Do you think, though, that he’s going to get rid of the trains and the Bible after the year-of-no-touching is up?

  8. Emily said

    I don’t know why but this whole experiment is sticking in my craw (hehe – craw!)

    Tell me if I am alone in this thinking…

    This whole concept would have been so much more credible if he just came out and said, “I’m living with these 100 things”, period, instead of “I’m paring it down, sacrificing all my worldly possessions (except these, these, these and these – which you have too – like FURNITURE) so I can be a post-modern anti-consumerism monk to be acknowledged in Time magazine”.

    Sorry… I am just bothered that this casts the small living idea in a very hypocritical light. He could be living with his 100 non-excluded items in a McMansion. But his wife and daughters shouldn’t have to give up their stuff for his experiment, right? He’s just playing, it’s not his way of life or it would also be his family’s way of life.

    grrrr

  9. Gnash those teeth, Emily! I’m with you.

    And I’m so glad all of you people are superSmallsleuths who can see through this all this media buzz. Bully for you, Living Small Readers!

  10. joss said

    That’s exactly it. He’s just playing. There are exclusions and I’ll-just-put-this-in-the-garage because he expects it to be temporary; he’s already imagining being reunited with his possessions.

    Maybe after a year he’ll make a proper, sustainable list (where the bible and trains, if he keeps them, count). But then again, if his family is not participating I don’t know that that kind of transformation is likely. And he may just invent loopholes as he goes -I bought this copy of The Economist but it doesn’t put me over because I actually bought it for my wife and she’s just letting me borrow it- that no actual learning opportunity occurs.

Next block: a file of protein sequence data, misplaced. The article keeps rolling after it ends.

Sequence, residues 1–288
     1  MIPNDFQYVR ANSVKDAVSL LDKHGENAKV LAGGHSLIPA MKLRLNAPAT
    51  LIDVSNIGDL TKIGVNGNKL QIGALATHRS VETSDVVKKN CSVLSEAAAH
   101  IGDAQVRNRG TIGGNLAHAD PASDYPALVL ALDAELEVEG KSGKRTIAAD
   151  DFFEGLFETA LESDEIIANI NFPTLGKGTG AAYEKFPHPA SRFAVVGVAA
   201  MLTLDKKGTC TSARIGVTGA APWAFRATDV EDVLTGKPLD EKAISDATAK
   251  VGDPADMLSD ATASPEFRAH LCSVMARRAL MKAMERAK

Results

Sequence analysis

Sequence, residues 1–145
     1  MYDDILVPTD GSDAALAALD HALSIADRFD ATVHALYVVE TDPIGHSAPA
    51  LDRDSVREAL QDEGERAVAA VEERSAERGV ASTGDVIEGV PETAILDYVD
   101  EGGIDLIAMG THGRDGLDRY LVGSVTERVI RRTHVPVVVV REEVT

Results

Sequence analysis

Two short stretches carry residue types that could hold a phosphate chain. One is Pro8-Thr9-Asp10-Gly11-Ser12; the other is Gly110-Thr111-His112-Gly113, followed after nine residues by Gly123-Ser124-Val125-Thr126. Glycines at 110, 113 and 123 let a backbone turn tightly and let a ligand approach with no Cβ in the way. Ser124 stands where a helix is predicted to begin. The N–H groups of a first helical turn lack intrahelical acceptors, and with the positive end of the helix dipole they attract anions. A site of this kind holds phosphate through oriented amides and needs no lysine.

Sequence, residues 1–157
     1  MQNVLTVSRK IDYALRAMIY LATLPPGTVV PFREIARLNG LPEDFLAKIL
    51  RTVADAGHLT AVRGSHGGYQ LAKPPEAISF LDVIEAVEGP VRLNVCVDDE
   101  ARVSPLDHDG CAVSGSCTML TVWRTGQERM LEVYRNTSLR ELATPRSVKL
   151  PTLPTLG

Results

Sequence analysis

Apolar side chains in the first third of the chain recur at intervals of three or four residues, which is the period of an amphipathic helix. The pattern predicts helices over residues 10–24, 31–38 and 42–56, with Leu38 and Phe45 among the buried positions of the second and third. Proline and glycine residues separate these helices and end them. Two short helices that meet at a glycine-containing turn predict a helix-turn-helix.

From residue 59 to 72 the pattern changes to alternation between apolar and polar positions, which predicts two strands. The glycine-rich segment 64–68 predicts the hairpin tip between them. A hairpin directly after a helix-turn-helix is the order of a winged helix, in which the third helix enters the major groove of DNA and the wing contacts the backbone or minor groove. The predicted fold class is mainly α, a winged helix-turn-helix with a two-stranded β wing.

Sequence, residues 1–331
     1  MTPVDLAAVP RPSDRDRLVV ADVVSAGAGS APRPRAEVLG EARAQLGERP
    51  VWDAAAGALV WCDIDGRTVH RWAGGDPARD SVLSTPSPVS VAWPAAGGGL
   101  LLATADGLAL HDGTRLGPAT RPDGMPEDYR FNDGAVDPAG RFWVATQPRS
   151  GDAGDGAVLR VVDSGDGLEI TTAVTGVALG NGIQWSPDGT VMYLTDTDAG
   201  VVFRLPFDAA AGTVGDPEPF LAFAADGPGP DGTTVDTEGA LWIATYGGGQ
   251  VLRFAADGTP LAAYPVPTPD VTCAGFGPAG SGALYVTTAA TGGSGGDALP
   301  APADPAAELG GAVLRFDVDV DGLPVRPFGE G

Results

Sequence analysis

11. Joss: My sentiments exactly. I, too, have been considering the cheats — the “Oh, I’m buying this Marklin train for my daughters, because a dad’s gotta provide for his kids.”

  12. Michelle said

    I totally agree with you guys! When I first heard about the 100 thing challenge, I was excited, but then I realized he isn’t counting the vast majority of his possessions because either the family uses them too, or he is just going to exempt them. I did a count of my things and I got to 241 items, and that is including every book, every fork, every item of clothing, every earring, EVERYTHING! The only things I grouped together were obvious, like every pair of socks counts as 1 thing, a set of chopsticks was 1 thing, and so on. At the end of counting I looked around as thought, ok if I HAD to limit myself to 100 things I could do it, but not without being a bit ridiculous, (like only having one set of utensils so every dinner guest has to eat with their hands), or cheating. (counting silverware as 1 item, all dishes as another item and so on…)
    All that being said, I don’t begrudge Mr. Bruno, he even says on his blog that if you disagree with his counting methods then fine, go do your own thing your own way. So that is what I am doing. I am trying to get rid of as much as possible without making myself crazy, and I want this to be a sustainable thing for me, not a short term experiment. So far, I have sold my car, decluttered my entire apartment, limited my wardrobe to 25 items (including undies) and 3 pairs of shoes and basically just try to live as much like a minimalist as possible for me to do. I think it was Einstein who said to make things as simple as possible, not simpler. That quote kind of sums up how I am living now, and so far I love it!

  13. Wow, Michelle — your simplification sounds incredible! I know I have more than 241 items in my kitchen cabinets alone. I’m amazed by and full of admiration for your stuff detox.

    I’ve been considering a Top 25 wardrobe experiment and subsequent post — I tried narrowing down the clothes to 25 (not counting undies, either — again, I’m amazed!), but was tripped up again and again. I would love to get a rundown of how you made your cuts. Guest post, perhaps? Interested?